If I’m setting my alarm for 6 a.m. or earlier on a Saturday morning, it’s way more worth it if I am at least getting in a decent run. At least that’s what I used to think when I would attend a race.
Since I started this job in May, I’ve covered five different races, four of which I ran in. The other one, the Soldier Field 10 Miler, I merely brought my camera and took pictures of the runners; I had a blast, as I have been getting really into photography recently, but the entire time I was regretting not registering myself, and found myself oddly envious of those running in the late May humidity.
The races in which I ran included the Got2Run For Education in Arlington Heights; the Color Run in Grant Park; the Chicago Bears 5K at Soldier Field; and the 4 on the 4th in Elmhurst. The first three, I ran with my friend and took some pictures on my phone after I finished, which sufficed for the type of coverage I was going for. The Fourth of July race, though, I was able to run and grab my camera once I finished and take some pictures of the other finishers as well as during the kids’ fun run.
Aside from the obvious boost in photo quality from my iPhone, I realized at the holiday race that getting the opportunity to be both a participant and observer of an event is a really cool experience. When writing my recap, I was able to touch on my perception of the course itself, as well as the race environment from an outside lens. Typically as a participant, you finish the race, grab some water and snacks, and hangout with your group until the awards ceremony. As a reporter though, I got to survey everyone around me, taking in and capturing the different emotions that race morning. And despite many of my shots coming out slightly blurry, I also learned how to adjust my settings for the future, and even got to practice panning (sharp subject with blurry background) as runners briskly passed me.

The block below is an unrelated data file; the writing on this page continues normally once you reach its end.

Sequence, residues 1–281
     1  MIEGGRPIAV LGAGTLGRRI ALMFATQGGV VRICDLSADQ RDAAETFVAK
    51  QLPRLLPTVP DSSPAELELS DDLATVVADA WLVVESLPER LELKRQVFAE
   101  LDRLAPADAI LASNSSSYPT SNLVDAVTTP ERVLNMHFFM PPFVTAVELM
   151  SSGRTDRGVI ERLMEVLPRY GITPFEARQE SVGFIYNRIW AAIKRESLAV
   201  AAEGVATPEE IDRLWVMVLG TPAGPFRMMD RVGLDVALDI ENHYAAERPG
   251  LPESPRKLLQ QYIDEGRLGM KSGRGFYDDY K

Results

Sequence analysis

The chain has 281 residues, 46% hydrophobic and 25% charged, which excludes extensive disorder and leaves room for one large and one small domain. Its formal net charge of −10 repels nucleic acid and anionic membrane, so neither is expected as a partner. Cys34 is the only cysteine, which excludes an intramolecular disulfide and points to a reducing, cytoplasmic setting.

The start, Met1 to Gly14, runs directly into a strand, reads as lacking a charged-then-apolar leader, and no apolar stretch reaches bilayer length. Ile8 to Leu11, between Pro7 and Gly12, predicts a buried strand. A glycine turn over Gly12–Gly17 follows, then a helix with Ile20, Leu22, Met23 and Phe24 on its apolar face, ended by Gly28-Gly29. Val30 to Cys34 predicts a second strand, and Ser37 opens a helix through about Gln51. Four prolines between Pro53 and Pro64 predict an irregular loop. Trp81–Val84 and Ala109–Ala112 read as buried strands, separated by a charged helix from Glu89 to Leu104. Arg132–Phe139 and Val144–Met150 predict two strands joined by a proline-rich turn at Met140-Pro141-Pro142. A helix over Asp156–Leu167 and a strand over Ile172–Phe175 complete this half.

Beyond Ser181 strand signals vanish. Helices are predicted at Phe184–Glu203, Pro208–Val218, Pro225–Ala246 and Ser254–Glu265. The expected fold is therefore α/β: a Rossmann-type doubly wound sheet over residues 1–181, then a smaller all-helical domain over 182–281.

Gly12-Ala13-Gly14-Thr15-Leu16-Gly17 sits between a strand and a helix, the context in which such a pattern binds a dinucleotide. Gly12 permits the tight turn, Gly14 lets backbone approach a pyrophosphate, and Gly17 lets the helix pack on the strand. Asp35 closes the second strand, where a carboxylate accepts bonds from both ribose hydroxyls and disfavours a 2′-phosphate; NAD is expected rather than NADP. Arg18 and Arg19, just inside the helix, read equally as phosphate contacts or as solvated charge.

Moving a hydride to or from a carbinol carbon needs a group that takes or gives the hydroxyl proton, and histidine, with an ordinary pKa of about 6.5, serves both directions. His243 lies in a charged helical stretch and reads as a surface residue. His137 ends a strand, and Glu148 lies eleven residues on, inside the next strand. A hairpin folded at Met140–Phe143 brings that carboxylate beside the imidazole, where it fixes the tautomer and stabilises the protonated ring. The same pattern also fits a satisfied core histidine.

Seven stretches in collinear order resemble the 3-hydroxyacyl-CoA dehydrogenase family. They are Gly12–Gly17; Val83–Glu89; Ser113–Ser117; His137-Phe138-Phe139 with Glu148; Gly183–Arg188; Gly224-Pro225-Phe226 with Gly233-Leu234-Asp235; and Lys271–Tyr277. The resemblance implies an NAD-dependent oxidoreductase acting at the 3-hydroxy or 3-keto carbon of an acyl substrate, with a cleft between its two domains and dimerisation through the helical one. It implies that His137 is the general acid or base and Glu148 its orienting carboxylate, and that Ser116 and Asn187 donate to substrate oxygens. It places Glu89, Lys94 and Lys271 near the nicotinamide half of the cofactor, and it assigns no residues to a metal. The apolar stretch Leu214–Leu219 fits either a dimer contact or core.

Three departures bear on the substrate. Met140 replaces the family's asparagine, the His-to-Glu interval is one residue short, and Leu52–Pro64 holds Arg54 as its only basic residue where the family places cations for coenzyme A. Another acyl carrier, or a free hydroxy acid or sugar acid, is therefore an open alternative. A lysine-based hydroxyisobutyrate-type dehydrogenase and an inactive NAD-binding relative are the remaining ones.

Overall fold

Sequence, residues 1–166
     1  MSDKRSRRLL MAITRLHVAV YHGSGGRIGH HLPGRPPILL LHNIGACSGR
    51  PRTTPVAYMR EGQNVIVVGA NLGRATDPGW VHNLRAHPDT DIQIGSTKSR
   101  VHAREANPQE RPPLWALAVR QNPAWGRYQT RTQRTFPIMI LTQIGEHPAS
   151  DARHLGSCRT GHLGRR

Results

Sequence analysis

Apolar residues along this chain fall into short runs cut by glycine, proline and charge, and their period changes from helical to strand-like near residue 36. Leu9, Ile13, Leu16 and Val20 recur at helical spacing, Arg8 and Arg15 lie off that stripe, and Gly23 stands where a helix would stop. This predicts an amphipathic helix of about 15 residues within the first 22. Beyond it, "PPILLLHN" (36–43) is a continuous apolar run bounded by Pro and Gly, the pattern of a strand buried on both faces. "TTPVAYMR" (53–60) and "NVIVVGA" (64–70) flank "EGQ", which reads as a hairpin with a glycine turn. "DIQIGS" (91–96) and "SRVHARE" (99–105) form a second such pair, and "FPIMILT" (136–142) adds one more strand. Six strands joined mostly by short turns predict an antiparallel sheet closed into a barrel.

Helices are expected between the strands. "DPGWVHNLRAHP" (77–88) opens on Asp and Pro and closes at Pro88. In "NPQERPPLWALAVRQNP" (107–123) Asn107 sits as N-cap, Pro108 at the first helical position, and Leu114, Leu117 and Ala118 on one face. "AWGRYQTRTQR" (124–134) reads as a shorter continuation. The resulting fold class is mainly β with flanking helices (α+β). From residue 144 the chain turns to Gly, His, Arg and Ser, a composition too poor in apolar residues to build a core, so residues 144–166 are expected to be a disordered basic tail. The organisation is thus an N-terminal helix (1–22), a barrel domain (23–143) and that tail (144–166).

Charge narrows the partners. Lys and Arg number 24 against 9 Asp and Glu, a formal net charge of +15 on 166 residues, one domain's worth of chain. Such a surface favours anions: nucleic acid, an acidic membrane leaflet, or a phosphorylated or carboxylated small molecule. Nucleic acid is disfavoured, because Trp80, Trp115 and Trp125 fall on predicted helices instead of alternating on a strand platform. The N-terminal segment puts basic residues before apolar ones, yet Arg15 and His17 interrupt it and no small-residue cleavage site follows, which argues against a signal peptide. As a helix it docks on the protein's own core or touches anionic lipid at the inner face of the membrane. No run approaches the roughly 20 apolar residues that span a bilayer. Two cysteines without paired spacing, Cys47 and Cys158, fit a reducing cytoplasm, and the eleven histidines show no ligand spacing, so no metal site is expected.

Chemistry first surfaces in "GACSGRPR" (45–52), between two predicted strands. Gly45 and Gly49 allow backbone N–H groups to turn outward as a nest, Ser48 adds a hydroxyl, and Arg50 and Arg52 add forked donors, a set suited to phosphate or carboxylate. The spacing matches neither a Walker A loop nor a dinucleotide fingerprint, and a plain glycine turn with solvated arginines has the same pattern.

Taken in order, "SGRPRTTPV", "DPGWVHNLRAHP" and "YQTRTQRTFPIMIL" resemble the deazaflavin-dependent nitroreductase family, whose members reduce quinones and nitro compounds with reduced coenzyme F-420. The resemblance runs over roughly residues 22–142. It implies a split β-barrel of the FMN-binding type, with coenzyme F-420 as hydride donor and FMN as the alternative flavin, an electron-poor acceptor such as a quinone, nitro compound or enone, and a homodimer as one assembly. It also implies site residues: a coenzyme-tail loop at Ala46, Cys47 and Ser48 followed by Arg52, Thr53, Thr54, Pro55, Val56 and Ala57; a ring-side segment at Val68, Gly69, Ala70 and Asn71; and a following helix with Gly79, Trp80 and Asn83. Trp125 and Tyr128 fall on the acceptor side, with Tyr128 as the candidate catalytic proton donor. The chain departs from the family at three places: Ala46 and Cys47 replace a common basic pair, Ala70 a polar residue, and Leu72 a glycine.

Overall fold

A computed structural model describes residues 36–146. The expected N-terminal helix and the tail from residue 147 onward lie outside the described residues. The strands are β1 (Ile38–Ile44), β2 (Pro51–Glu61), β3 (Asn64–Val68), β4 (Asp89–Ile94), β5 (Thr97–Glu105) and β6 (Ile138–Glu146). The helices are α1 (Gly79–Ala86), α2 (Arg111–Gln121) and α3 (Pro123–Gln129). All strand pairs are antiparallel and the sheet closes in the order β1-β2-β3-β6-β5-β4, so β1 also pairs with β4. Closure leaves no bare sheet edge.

Not only did I have a really good run for myself, but I got to share the joy with other runners who also did well; watching people hug and high five their fellow racers or families made me smile incessantly, and snapping pictures of people decked out in red, white and blue let me interact with them without feeling creepy, once they saw my Chicago Athlete tank top.
The kids run was really fun to cover too – the five different waves were set off within 30 seconds of each other, so there were constantly kids running towards me. Watching them approach their parents with a “look at me” expression was downright adorable, and their little legs sprinting to the finish line forced me to wonder where their running careers will take them. Had I decided to just relax after my run, I never would have appreciated the 1K race in this way.
While this may all sound kind of cheesy, Elmhurst’s annual event on Monday just reiterated to me that the racing industry is one of the most welcoming, motivating places to be, and, once again, I feel insanely lucky.
I will be attending the Chicago Triathlon in August, which will be my first time in a triathlon atmosphere. I know the fast-paced energy will be exhilarating, and I can’t wait to both test my [hopefully] improving photography skills and use my lens to appreciate the camaraderie and commitment the sport depicts.